Several decades of apparent reading difficulties among Nigerian students have resulted in numerous reports and studies aimed towards reading improvement (Unoh, 1972; Obianika, 1981; Obah, 1989). During the maiden conference of the Reading Association of Nigeria, Unoh (1982) predicted that the reading situation in Nigeria would get worse before it got better.
In agreement, Umolu (1985) remarked, Increasingly, it is being recognized that among the problems responsible for poor performance is that of low reading ability.” There is every reason to fear that the situation nation-wide borders on a national educational crisis. It is the responsibility at educators
in Nigeria to identify the factors responsible for this situation and to take appropriate action. Factors known to affect reading ability include psychological, sociological physical and educational factors. The educational factors, perhaps more than the other factors, seem to be more responsive to purposeful intervention. While the schools may not be able to do much to change a child’s socio-linguistic background for instance,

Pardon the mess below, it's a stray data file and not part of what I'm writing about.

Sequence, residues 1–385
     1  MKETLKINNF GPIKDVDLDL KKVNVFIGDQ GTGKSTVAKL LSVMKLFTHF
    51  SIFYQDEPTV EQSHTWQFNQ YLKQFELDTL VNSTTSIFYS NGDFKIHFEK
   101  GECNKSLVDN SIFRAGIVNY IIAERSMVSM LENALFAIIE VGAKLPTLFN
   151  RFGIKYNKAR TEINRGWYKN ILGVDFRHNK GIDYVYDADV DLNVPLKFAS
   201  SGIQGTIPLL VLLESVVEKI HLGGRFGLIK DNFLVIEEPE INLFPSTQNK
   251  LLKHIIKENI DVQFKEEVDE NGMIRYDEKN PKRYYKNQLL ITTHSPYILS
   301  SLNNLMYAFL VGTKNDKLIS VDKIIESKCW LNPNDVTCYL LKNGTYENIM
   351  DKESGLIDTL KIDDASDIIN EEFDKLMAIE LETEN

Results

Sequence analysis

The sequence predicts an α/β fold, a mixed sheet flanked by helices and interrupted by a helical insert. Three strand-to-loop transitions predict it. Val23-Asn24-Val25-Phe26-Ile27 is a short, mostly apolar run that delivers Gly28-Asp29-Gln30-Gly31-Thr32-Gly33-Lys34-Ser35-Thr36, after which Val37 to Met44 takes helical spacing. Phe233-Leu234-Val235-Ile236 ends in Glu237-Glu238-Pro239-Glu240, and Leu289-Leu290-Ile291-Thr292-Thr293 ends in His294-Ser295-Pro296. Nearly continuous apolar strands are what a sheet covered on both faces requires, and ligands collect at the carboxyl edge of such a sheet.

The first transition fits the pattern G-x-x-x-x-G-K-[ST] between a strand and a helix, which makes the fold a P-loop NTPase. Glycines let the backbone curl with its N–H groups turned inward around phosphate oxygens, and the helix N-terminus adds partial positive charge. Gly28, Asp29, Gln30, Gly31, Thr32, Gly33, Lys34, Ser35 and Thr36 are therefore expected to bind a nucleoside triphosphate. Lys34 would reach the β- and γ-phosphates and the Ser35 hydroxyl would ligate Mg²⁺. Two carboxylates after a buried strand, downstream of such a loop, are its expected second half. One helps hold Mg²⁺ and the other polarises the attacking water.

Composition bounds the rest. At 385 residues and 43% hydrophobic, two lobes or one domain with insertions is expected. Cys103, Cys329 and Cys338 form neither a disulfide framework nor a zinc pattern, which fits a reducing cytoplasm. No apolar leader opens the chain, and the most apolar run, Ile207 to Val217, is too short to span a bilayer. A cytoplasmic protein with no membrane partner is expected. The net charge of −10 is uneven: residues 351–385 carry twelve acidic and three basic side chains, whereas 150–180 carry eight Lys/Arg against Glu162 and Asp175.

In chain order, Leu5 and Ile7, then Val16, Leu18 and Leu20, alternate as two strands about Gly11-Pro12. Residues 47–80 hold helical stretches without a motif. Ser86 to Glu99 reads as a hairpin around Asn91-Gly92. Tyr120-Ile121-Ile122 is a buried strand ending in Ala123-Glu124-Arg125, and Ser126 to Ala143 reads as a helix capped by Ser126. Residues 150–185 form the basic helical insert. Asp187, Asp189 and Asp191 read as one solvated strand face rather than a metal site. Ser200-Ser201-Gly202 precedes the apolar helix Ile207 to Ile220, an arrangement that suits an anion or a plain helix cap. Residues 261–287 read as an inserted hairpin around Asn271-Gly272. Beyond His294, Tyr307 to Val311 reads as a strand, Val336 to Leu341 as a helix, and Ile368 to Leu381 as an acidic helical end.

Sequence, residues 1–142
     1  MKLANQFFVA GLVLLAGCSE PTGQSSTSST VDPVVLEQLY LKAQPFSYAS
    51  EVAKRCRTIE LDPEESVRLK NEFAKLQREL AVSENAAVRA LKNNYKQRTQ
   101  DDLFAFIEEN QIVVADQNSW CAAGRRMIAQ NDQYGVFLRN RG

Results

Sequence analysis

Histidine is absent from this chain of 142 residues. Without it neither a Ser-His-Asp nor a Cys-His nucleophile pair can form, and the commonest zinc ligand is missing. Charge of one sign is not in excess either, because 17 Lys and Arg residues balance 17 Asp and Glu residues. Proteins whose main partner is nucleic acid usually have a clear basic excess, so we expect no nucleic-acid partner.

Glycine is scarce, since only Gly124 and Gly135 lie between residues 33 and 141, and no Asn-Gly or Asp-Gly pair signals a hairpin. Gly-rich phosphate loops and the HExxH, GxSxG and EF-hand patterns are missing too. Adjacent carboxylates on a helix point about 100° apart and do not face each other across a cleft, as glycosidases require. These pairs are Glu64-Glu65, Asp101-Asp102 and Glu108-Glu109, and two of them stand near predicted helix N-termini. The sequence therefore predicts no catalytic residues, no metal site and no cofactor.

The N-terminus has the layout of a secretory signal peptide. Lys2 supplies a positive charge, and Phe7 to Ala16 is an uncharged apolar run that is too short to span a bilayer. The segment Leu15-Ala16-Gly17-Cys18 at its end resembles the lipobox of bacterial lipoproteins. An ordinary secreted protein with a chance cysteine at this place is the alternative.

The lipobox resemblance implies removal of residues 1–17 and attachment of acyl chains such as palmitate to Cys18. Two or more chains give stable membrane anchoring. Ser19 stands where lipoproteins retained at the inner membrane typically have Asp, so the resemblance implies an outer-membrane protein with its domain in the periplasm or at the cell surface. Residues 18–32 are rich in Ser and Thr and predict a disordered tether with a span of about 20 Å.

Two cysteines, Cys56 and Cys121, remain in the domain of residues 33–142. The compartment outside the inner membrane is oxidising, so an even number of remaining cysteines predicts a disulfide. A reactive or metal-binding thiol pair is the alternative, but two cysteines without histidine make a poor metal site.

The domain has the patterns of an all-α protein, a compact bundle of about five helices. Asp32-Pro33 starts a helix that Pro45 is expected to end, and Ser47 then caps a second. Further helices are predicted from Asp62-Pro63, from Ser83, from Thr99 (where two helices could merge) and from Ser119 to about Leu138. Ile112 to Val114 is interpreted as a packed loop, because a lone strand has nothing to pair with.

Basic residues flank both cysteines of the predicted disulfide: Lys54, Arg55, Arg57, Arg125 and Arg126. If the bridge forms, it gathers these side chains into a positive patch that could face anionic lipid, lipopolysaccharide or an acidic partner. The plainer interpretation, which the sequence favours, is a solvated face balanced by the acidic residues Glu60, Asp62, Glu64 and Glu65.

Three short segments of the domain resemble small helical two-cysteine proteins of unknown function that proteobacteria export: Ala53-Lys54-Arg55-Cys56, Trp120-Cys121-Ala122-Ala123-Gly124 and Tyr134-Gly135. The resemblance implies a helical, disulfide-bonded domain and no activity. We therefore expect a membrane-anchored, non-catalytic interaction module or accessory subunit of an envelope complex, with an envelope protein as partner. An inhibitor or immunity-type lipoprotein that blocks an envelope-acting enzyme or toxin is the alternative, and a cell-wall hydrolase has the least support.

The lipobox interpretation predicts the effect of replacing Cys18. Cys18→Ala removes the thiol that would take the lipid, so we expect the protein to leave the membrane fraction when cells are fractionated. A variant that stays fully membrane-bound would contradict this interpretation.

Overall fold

much could be achieved by altering the methodologies of teaching, and the entire organisation of reading programmes. Thus, educators must be more pre-occupied with finding solutions to maximize students’ opportunity to learn in the schools. In this article, the need for planning and organizing a content—area reading instructional programme is discussed, with the aim of suggesting ways for its adoption.